Table 5 presents the D_{ij} results, as well as D_{ij}_mean (and corresponding standard error), P_{ij} (proportion of samples were D_{ij} = 1.0), P_{ji} (proportion of samples were D_{ij} = 0.0), P_{ijno} (proportion of samples were D_{ij} = 0.5), and the reproducibility value. As described in Azen and Budescu (2003), complete dominance is established if the additional contribution of a given predictor is higher than another predictor in all subset models where the two predictor variables are competing head-to-head. Complete dominance was established for math importance over grading peer workshop submissions (as seen by the D_{ij} = 1.0, D_{ij}_mean = .55), but there was not enough evidence for any other pair-wise complete dominance to be established (as seen by the D_{ij} = 0.5). No pairs passed the test for conditional dominance, so therefore the remaining pairs were ranked by the general dominance criteria (which, by definition, should always find dominance patterns as it simply rank orders the total amount of variance accounted for, averaged across all subset models, from highest to lowest). The results indicate the following general dominance pattern: math importance > grading peer workshop submissions > ANS > discussion forum posting. Reproducibility values topped out at .66, suggesting that some caution should be given when accepting the general dominance pattern, particularly considering Azen and Budescu’s (2003) recommendation to give more weight to the much stricter complete dominance.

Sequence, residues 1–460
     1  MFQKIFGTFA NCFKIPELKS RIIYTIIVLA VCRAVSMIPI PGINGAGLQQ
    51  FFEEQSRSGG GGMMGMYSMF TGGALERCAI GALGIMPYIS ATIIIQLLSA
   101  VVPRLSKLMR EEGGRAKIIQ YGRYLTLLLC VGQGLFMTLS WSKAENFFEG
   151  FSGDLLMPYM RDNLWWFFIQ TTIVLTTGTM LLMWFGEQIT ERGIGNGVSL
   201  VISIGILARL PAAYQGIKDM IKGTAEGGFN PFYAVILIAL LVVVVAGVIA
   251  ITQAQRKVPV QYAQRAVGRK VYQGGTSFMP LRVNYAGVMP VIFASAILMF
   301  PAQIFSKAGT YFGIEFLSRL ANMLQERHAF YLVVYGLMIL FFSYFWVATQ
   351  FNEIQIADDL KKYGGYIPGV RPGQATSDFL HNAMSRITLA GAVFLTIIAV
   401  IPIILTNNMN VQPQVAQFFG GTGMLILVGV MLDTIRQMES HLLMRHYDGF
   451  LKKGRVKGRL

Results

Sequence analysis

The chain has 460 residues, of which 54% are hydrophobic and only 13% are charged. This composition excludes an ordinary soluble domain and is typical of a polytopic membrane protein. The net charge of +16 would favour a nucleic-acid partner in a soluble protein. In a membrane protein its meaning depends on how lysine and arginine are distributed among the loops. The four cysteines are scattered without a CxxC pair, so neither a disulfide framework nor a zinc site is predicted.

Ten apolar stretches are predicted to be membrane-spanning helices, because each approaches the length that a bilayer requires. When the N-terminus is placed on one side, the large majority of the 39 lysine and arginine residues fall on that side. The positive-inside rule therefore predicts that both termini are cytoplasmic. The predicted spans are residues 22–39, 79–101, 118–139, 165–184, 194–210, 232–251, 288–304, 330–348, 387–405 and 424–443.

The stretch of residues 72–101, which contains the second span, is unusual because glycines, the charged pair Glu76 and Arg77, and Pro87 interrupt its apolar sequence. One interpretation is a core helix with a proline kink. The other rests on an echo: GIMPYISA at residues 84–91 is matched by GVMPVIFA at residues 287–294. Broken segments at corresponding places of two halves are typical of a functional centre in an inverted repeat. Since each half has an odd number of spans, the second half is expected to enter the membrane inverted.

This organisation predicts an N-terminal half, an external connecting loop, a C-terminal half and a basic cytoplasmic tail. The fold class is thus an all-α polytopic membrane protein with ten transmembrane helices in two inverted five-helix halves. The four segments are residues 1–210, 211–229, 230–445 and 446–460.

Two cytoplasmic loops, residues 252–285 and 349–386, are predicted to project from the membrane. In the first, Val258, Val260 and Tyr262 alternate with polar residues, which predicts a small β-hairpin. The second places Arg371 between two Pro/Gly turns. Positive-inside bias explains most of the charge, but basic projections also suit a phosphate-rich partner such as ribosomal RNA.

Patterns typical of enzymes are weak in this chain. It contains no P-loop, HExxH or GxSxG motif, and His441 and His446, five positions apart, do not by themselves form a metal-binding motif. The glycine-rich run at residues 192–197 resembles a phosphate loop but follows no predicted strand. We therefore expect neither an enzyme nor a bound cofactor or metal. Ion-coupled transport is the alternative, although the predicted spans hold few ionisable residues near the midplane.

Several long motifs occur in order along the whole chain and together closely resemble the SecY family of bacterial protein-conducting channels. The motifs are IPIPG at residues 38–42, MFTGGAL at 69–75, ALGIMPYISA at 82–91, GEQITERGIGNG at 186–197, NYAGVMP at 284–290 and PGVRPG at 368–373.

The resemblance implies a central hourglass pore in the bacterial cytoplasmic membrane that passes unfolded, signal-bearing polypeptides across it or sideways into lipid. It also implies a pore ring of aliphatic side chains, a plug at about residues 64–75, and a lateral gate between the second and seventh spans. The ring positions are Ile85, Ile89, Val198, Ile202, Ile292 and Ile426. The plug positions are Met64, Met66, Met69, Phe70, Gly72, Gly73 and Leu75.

## 4 DISCUSSION